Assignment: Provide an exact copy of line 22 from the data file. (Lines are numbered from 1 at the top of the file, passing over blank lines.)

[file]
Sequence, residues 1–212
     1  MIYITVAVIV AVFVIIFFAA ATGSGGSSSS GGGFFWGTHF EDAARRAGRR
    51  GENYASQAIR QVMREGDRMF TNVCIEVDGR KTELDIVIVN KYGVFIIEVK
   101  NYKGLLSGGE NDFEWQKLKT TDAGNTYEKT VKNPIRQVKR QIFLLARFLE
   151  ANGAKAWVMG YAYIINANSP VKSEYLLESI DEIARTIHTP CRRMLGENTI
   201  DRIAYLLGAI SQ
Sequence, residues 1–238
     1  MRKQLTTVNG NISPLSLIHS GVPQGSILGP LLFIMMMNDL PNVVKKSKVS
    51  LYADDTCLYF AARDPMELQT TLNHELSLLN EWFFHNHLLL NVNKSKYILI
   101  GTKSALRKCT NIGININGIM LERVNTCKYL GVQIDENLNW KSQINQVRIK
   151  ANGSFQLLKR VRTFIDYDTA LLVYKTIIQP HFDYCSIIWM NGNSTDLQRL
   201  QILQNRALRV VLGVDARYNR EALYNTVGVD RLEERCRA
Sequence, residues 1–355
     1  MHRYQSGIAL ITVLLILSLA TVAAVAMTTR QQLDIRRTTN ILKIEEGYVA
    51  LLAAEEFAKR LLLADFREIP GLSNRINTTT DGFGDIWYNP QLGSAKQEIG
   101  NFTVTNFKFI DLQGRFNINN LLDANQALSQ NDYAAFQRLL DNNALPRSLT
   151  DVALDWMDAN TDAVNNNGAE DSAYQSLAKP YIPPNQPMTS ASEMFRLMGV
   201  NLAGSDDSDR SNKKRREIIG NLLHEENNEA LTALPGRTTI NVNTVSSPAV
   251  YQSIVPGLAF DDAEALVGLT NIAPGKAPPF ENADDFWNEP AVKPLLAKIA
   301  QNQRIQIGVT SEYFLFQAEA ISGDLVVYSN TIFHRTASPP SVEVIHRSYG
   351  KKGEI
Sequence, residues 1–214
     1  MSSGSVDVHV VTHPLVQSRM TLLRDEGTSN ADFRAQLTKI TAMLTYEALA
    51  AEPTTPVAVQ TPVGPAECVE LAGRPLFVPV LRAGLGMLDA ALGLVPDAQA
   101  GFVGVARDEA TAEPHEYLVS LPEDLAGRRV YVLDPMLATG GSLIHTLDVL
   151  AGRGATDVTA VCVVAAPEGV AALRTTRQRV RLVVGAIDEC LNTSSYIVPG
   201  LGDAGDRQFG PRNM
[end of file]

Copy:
Sequence, residues 1–214